5) "12 Angry Men Inside Amy Schumer"
Inside Amy Schumer (Comedy Central)
Episode 3, Season 3
Head Writer: Jessi Klein / Directed By: Ryan McFaul & Amy Schumer

Thoughts: Amy Schumer and her show has always had funny sketches, but it really feels like she stepped up her game to an entirely new level in 2015, and its obvious to see why she's on the cusp of super-stardom. Between sketches like "Last Fuckable Day" and "Football Town Lights", Season 3 was shaping up to be the best for Inside Amy Schumer. Then, she released an episode that was just one sketch- a parody of the film/play 12 Angry Men where a jury of 12 men decide if Amy Schumer is hot enough to be on television- and it took the third season to a crazy good new level. Featuring a plethora of guest stars including Paul Giammati, Jeff Goldblum, Vincent Kartheiser, Kumail Nanjianii, Dennis Quaid as The Judge and John Hawkes as Juror #8, the show delves deep into the double standard of being a woman on television. It has the biting humor and wit that we've come to expect from Amy Schumer. Plus, it's fantastic as just a straight-forward parody of 12 Angry Men.

4) "Hardhome"
Game of Thrones (HBO)
Episode 8, Season 5
Written By: David Benioff & D.B. Weiss / Directed By: Miguel Sapochnik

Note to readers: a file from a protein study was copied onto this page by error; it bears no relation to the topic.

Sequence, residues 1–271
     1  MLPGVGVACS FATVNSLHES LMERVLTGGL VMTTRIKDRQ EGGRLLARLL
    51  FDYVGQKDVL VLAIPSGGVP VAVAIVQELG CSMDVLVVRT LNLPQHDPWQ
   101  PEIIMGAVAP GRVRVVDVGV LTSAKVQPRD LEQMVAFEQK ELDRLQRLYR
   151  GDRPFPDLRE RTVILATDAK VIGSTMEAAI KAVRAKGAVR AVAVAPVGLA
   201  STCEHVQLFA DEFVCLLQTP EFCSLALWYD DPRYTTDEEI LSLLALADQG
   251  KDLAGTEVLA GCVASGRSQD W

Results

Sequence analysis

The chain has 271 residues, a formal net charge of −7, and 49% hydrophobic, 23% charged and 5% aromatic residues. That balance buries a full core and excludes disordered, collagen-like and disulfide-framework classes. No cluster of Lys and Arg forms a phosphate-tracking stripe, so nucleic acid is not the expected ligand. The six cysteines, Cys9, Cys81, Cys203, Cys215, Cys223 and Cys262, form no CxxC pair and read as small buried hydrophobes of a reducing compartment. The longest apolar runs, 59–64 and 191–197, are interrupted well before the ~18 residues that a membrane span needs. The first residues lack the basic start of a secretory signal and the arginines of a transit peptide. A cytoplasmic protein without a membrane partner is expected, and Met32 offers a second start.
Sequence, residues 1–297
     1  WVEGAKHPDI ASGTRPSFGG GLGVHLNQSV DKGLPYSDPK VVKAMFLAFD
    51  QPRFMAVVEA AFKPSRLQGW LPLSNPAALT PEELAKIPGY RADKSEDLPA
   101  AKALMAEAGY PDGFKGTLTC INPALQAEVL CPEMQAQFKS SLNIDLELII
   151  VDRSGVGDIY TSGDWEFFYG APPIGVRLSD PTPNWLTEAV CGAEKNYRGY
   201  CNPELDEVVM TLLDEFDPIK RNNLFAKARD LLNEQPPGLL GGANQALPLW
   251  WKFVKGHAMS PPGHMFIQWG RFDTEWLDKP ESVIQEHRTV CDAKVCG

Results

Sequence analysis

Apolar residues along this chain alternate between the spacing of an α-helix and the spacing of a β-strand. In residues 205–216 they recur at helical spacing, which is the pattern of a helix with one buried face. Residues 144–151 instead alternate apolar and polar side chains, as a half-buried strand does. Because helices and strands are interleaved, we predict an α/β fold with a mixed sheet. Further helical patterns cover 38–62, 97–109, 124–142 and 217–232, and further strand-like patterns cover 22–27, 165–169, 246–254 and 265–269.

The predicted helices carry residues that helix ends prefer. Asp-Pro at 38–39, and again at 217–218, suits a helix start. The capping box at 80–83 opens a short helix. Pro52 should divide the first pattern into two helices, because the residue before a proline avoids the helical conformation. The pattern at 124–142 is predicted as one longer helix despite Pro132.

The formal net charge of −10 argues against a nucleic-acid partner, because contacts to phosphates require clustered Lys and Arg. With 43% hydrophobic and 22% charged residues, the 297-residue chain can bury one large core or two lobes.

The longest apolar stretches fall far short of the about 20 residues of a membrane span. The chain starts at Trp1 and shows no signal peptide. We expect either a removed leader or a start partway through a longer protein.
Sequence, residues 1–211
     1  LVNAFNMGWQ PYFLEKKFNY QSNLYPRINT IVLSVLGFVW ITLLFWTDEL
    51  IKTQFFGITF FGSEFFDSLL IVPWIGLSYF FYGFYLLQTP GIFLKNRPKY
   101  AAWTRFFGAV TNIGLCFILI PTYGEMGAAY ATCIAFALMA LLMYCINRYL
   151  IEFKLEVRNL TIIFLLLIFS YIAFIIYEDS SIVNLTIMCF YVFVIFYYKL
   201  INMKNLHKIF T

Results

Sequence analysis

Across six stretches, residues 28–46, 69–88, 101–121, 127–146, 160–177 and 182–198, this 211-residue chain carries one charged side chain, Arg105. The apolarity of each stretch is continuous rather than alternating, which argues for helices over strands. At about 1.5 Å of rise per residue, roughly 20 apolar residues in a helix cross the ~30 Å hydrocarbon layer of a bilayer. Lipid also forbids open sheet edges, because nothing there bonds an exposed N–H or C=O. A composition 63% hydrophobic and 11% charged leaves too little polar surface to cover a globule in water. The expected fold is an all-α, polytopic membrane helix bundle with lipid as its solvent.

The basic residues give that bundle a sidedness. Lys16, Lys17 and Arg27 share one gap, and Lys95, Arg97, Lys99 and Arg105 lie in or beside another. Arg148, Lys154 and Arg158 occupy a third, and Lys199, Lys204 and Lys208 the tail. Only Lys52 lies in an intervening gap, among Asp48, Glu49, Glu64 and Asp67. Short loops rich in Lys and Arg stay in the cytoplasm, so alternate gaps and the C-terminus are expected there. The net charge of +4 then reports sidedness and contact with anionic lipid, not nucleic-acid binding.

Thoughts: Generally speaking, Game of Thrones will leave its big action, packed episode for its penultimate, episode 9 episode. That episode used to be its best episode as well. Season 1 saw the beheading of Ned Stark, Season 2 saw the show's best episode "Blackwater", and Season 3 saw The Red Wedding as that season's second-to-last and greatest episode. Season 4 had the action packed Battle at the Wall in episode 9 (even though its best episode was either The Scarlet Wedding or The Trial of Tyrion Lannister). Season 5 decided to mix it up and have its action packed episode occur in episode 8. That way the audience was expecting a clunker and was treated with a white-knuckle fight sequence that lasted for over half of the episode. Game of Thrones has always been at its best when its stayed at one location for an extended period of time, and "Hardhome" was no exception. The battle between The White Walkers and the Wildlings North of The Wall was exquisite and seems to be the defining episode to set up the rest of the series. If you disagree with me, then Come At Me Bro.